On the other hand, the government is indispensable for the management of public opinion. Since the 1920ies “the manufacture of consent” was esteemed as useful and necessary for a cohesive society, because “the common interests” would not become obvious to the masses, but only become clear to experts upon careful analysis of the collected data – the opinion poll was implemented. Nowadays “Big Data is changing almost everything”:
“The challenge for the overseers had shifted from […] the tedious labor of administrative records to that of information systems designed to produce automated, continuous, frictionless, perfect accounts available for zoom-in detail and zoom-out patterns any time, all the time, everywhere.”
– Shoshana Zuboff
The Hyper-Connected Digital Lifestyle: Friend or Foe?
In the 21st century it is no longer necessary to “pull” information from the masses. Corporations employ the best creative minds to change ideas and manufacture new trends: “becoming a celebrity” is the career choice for half of 16-year-olds, who flood the ‘social networks’ with their most personal data to market themselves.
The latest survey in the UK indicates that the average person likes to spend one-third more time per day looking at his/her phone (119 min) than with his/her partner (97 min). Alas this smart mate has been exposed as undercover agent.
“If the government demanded that we all carry tracking devices 24/7, we would rebel. Yet we all carry cell phones…
If the government demanded that we give them access to all the photographs we take, and that we identify all of the people in them and tag them with locations, we’d refuse. Yet we do exactly that on Flickr and other sites.”
Bruce Schneier, chief security technology officer for British Telecom8
Apple (AAPL), Google (GOOG) and Microsoft (MSFT) established a global monopoly9 for computer operating software. The customer has to buy an all-or-nothing package: Before allowing the use of ‘Windows 8’, iOS, or Android all three corporations dictate elaborated terms and conditions which transfer the control to them.
A user can’t say: I allow this company to process my data, but I don’t allow them to handle my phone or my ID to any or a particular 3rd party. Or I’m fine with statistic usage, but like to block advertisement. Its just “take it or leave it”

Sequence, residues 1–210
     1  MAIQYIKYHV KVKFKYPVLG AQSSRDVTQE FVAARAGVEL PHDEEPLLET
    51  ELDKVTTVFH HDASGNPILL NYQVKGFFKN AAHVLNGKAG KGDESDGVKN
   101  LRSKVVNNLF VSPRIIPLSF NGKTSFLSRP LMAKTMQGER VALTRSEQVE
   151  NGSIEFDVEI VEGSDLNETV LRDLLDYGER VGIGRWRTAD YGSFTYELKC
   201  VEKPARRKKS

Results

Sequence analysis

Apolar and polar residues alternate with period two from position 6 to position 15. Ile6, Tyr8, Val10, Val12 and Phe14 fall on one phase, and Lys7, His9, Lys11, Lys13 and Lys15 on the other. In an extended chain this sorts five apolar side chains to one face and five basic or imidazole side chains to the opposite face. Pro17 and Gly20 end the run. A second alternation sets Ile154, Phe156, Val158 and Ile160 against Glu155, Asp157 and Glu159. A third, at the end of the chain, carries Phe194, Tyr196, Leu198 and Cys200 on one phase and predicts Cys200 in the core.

The corporate data sets are exploding in size. Additional data is increasingly being gathered by ubiquitous information-sensing mobile devices, aerial sensory technologies (remote sensing), software logs, cameras, microphones, radio-frequency identification readers, and wireless sensor networks.
Only a huge collection of data from various sources constitutes a Big Data base total enough to produce reliable intelligence for decision making. To achieve completion the agencies and corporations resort to the same practise which has been outlawed for ordinary people as ‘act of piracy’ – filesharing:
“Thousands of technology, finance and manufacturing companies are working closely with U.S. national security agencies, providing sensitive information and in return receiving benefits that include access to classified intelligence, four people familiar with the process said.”
A leaked NSA-document described the new tool as “the most prolific contributor to the President’s Daily Brief”, the Obama administration defended it as “a critical tool in protecting the nation from terrorist threats.”
“Governments should not have this capacity. But governments will use whatever technology is available to them to combat their primary enemy – which is their own population.”
– Noam Chomski 12
Any questioning alike “shouldn’t a person’s own data also be protected by copyright”, is silenced by the answer:
No comment on matters pertaining to national security.
A fundamental transformation of society is best implemented dictatorial13 – if terror-stricken citizen rally behind a leader.The ‘under attack’ situation suppresses a public debate about the proportionality of data collection and if individual particulars are more than just unclaimed objects.
Alas the ‘War on Terror’ narrative is contradicted by the leaked Boundless Informant heat map, indicating the USA herself is extensively subjected to NSA surveillance. There must be a more plausible explanation.